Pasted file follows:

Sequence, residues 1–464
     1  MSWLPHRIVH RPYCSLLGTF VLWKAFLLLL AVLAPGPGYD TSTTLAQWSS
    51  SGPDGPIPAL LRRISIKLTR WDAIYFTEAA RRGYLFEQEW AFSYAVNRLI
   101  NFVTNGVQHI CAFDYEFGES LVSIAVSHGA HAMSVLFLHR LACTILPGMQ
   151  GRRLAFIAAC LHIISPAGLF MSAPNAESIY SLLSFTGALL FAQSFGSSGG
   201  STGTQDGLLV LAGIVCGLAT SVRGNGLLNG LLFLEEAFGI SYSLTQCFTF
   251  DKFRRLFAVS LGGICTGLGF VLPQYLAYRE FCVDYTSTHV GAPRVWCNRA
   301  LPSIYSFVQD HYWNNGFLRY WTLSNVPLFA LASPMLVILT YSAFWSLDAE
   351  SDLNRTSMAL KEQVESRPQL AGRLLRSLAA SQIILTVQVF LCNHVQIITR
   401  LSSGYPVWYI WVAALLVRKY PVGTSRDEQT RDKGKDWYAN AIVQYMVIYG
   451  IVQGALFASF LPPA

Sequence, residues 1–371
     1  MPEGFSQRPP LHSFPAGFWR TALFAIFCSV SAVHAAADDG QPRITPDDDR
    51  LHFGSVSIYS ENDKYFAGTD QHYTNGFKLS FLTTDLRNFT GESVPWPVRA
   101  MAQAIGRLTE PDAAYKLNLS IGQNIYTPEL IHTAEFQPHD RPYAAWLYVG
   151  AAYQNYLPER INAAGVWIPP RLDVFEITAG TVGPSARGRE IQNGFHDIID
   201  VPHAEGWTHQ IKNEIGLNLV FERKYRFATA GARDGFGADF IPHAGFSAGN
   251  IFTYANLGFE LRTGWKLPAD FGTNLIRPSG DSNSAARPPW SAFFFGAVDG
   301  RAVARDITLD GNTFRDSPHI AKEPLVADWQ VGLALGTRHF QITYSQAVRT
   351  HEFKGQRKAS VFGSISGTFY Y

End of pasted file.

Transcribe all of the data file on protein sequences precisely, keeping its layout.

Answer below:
Sequence, residues 1–464
     1  MSWLPHRIVH RPYCSLLGTF VLWKAFLLLL AVLAPGPGYD TSTTLAQWSS
    51  SGPDGPIPAL LRRISIKLTR WDAIYFTEAA RRGYLFEQEW AFSYAVNRLI
   101  NFVTNGVQHI CAFDYEFGES LVSIAVSHGA HAMSVLFLHR LACTILPGMQ
   151  GRRLAFIAAC LHIISPAGLF MSAPNAESIY SLLSFTGALL FAQSFGSSGG
   201  STGTQDGLLV LAGIVCGLAT SVRGNGLLNG LLFLEEAFGI SYSLTQCFTF
   251  DKFRRLFAVS LGGICTGLGF VLPQYLAYRE FCVDYTSTHV GAPRVWCNRA
   301  LPSIYSFVQD HYWNNGFLRY WTLSNVPLFA LASPMLVILT YSAFWSLDAE
   351  SDLNRTSMAL KEQVESRPQL AGRLLRSLAA SQIILTVQVF LCNHVQIITR
   401  LSSGYPVWYI WVAALLVRKY PVGTSRDEQT RDKGKDWYAN AIVQYMVIYG
   451  IVQGALFASF LPPA

Sequence, residues 1–371
     1  MPEGFSQRPP LHSFPAGFWR TALFAIFCSV SAVHAAADDG QPRITPDDDR
    51  LHFGSVSIYS ENDKYFAGTD QHYTNGFKLS FLTTDLRNFT GESVPWPVRA
   101  MAQAIGRLTE PDAAYKLNLS IGQNIYTPEL IHTAEFQPHD RPYAAWLYVG
   151  AAYQNYLPER INAAGVWIPP RLDVFEITAG TVGPSARGRE IQNGFHDIID
   201  VPHAEGWTHQ IKNEIGLNLV FERKYRFATA GARDGFGADF IPHAGFSAGN
   251  IFTYANLGFE LRTGWKLPAD FGTNLIRPSG DSNSAARPPW SAFFFGAVDG
   301  RAVARDITLD GNTFRDSPHI AKEPLVADWQ VGLALGTRHF QITYSQAVRT
   351  HEFKGQRKAS VFGSISGTFY Y